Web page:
There was a movie a few years ago called the League of Extraordinary Gentlemen. It wasn’t a good movie but there was a scene in it I liked which I wanted to share with you.
Forward to time 1:39. In it, Alan Quartermain is teaching Tom Sawyer how to shoot. They talk for a bit but notice what Quartermain says at about 2:20; he talks about picking the exact time to shoot. You have to wait for the exact right moment.
Since I found out I am going to be a father next year I have been giving some thought to our son’s education. Well, to honest I am thinking about lots of things but education in particular. His due date is on February 14th. I realized that if I enrolled him into the public school system, I would be able to look ahead and say that in 7 years, 6 months, 14 days and 12 hours from his birth he will be in school listening to a lecture about Verbs in English class. He will get exactly 2 days on this topic, he will get to do some worksheets, and then he will get a test on the material.
Of course I have no idea what he will actually be learning on that day but understand there is a plan for that day already. This is horrifying. How do they know that is the right time for him to learn that topic and why doesn’t the system care?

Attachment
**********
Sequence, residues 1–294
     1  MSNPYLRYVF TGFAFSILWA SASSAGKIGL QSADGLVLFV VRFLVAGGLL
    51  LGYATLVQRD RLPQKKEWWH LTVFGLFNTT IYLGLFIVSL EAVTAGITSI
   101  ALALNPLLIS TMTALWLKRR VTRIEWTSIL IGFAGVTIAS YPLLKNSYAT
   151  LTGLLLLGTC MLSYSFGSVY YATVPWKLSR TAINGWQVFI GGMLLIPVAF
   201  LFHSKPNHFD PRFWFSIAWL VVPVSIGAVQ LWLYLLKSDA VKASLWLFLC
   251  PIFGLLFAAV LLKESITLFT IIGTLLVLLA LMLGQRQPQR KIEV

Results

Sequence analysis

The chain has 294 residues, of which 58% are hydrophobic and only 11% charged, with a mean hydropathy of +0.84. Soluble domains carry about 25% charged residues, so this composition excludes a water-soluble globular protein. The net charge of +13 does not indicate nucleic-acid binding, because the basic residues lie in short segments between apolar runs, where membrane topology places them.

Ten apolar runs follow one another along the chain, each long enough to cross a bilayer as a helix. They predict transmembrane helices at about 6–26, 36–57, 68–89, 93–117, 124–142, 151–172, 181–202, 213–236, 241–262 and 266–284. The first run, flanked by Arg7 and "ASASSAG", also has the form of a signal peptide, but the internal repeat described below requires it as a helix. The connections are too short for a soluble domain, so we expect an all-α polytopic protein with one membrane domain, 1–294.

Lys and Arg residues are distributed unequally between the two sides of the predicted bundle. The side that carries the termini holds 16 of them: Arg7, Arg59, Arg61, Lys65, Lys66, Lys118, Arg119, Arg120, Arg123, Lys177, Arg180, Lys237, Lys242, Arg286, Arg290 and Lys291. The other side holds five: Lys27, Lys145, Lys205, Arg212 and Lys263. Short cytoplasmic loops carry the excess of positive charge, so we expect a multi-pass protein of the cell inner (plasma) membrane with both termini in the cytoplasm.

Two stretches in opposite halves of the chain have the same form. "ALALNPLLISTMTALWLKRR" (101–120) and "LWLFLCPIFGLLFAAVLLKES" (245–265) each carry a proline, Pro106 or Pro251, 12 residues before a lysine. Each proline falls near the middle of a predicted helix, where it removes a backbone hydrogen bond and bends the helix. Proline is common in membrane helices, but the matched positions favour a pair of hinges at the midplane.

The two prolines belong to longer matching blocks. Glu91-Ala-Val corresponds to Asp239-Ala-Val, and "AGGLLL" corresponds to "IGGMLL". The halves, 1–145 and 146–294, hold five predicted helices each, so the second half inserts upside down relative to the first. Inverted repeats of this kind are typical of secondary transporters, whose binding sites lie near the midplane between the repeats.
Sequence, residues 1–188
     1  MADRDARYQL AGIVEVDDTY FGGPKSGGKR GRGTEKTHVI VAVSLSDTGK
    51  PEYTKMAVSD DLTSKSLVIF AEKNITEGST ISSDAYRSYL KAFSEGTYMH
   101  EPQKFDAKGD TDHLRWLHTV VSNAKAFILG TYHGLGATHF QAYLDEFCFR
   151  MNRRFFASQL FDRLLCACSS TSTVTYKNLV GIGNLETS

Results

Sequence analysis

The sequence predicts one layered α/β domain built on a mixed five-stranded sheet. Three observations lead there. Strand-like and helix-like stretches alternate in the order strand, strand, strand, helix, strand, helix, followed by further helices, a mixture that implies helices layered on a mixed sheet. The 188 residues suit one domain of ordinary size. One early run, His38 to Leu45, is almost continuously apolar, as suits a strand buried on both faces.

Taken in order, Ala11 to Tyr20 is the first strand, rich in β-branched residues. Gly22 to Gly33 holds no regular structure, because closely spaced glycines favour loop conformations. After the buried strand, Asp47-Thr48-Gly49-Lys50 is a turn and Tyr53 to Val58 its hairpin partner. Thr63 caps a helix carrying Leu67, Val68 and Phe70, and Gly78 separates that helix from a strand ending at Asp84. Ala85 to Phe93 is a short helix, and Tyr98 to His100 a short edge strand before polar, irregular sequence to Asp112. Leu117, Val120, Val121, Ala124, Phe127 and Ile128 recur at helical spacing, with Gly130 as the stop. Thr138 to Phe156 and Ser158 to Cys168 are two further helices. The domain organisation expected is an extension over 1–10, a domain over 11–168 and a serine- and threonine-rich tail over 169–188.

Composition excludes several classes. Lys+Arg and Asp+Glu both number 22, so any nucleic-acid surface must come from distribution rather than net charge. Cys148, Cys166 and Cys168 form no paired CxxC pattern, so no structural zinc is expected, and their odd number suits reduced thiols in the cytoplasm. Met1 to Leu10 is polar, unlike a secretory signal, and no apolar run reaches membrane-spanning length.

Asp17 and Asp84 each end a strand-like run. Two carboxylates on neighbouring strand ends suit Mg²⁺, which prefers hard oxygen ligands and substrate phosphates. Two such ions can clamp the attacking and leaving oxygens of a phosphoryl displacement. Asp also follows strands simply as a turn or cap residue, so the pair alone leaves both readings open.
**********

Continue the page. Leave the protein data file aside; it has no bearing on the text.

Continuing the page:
So when is the best time to learn something? When you are curious about it. They call these “teachable moments”. The best parents do this all the time. An event happens, the child is curious about it and the parent makes a lesson out of it. I submit that sort of learning is far more effective than an impersonal lecture at 7:30am with a class of 30 other bored kids.
Online learning doesn’t suffer from this problem as much because students have a bit of flexibility in when they want to learn a topic. Not much, but some. Flipped classrooms have even less but it’s still better than lecture in the classroom.
Curiosity leads to interest. Interest leads to inquiry. Inquiry leads to learning. Curiosity is a fragile flower though and only happens at certain times. An optimum learning system would function when the student is ready, not when the system says they are ready.